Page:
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Save the Children

Save the Children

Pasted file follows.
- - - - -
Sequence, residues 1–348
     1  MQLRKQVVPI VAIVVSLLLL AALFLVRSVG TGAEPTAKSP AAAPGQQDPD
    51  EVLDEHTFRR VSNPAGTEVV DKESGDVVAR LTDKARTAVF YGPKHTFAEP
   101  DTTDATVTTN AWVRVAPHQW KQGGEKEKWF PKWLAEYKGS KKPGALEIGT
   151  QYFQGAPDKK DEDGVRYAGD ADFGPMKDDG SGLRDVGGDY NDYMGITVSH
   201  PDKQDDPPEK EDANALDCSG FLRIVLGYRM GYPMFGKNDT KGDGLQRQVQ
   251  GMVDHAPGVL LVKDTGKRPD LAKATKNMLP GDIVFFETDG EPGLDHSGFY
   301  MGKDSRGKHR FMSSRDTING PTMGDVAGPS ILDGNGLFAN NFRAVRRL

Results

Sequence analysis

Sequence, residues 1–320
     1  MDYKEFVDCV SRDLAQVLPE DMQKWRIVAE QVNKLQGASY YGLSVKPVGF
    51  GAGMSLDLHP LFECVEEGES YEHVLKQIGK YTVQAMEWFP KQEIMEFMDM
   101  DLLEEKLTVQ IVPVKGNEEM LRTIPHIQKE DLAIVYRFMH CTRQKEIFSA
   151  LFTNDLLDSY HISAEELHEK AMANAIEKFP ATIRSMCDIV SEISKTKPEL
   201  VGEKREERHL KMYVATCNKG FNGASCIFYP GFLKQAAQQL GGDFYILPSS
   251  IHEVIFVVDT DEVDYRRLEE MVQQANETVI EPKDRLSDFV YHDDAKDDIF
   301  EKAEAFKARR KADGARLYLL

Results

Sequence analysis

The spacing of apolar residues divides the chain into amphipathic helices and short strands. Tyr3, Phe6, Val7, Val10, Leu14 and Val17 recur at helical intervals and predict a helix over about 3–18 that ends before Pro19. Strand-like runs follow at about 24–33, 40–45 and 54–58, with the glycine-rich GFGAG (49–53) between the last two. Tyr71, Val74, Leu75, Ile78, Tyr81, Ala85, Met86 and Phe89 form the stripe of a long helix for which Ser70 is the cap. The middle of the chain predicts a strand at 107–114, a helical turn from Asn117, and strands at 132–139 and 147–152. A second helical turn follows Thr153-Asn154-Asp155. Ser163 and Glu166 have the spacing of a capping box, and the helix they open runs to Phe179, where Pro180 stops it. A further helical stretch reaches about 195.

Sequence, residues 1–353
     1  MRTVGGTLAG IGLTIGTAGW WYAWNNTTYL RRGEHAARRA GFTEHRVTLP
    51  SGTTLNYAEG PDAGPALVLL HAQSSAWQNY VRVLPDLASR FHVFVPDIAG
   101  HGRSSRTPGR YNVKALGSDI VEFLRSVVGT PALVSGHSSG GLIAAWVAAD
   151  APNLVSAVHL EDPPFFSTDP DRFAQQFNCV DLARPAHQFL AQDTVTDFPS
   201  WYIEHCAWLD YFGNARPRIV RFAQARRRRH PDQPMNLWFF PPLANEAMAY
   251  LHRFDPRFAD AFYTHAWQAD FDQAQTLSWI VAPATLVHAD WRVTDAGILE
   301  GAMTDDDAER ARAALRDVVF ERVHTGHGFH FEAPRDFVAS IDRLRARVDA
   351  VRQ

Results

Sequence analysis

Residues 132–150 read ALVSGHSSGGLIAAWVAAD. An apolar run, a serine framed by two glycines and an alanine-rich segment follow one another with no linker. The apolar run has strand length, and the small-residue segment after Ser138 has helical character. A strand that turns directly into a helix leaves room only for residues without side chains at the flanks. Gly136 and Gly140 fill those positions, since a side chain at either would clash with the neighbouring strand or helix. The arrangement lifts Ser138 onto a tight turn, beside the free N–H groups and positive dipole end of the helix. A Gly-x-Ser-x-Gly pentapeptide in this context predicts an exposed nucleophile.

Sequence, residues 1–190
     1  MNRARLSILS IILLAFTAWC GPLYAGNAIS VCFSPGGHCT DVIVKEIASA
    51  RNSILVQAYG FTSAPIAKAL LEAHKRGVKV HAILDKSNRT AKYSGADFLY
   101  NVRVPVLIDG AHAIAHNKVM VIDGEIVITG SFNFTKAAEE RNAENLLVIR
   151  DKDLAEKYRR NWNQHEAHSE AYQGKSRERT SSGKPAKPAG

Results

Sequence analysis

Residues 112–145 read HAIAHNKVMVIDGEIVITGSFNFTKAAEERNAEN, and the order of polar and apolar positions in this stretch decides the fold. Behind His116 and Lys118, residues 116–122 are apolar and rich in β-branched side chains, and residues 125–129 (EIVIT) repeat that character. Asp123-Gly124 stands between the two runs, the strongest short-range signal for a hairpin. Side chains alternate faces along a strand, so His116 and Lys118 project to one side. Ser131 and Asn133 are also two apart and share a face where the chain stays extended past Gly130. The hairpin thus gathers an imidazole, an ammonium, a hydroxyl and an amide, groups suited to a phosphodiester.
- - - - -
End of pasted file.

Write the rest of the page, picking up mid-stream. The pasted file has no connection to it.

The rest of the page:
Having had some success dispelling the myth that the blood of virgins cures AIDS, Zimbabwean Betty Makoni is now also fighting what she calls a root cause of the disease--poverty. 'Many girls don't have anything to eat or drink. Then a sugar daddy comes and says, 'If you have sex with me, I will give you money,' and they are likely to take the money and get infected with HIV,' the founder of the nonprofit antirape group the Girl Child Network says. Zimbabwe's AIDS rate and poverty levels make Makoni's job no easy task. The country has one of the weakest economies in the world. Fewer than one in four citizens have jobs, and the inflation rate is the world's highest, hitting 7,600% in July. One in five adults has AIDS, according to the United Nations, a level that has helped sink the country's average life expectancy into the 30s, from nearly 60 in 1990. Girls and women are far more likely to have the disease than men. Makoni, who herself was raped at an early age, formed the Girl Child Network in 1998. A former schoolteacher, she was moved when two thirds of her girl pupils had left class by the end of the year because they got AIDS, were married away to members of religious sects, or had to return to work in their homes. 'Betty inspires these girls to do work I haven't seen in any other country,' says Paola Gianturco, author of the book Women Who Light the Dark, published in September by PowerHouse books, in which Makoni is featured. The Girl Child Network now operates in the majority of Zimbabwe's rural districts--with 450 clubs serving 30,000 girls--and is beginning to expand into nearby countries. The network fights rape by empowering girls and keeping them in school. Thousands of girls have been given underwear by Girl Child Network on which parts of national sexual violence laws have been written so that they know when their rights have been violated. She counts the village of Rusape as one of her successes. In 2000 there were 200 rapes reported there; now there are none, she says. The myth that the blood of virgins mixed with herbs kills AIDS, she says, has been wiped out in Rusape. But in other regions of the country the myth remains strong. Men collect the blood either after breaking girls' hymens or after cutting their breasts--wounds that often end up killing them--and use it themselves or sell it to men who have AIDS. Time has taught Makoni to fight AIDS from all sides. 'At the beginning we were not trying to fight poverty,' she says. 'We thought there was a problem with attitudes, beliefs, and practices, but poverty can worsen AIDS.' She helps give girls school basics because without education a girl is nothing, she says. She adds that empowerment from education can help girls resist male attacks, early marriage, and religious sects that perform illegal virginity testing. Girl Child Network supplies girls with food, drink, a school uniform, and pens and paper. 'You can't empower yourself on an empty stomach,' she says. The network also directs some donations into buying the girls sanitary pads--which are rare in the country. Many Zimbabwean girls are not allowed to go to school for up to five days a month when they menstruate, and difficulties from the lost days can make them drop out. Makoni says sewing machines help them make pads out of cloth and keep girls in school. The girls' clubs also raise money for education by growing vegetables, which they can also eat, or holding dances. (AP)

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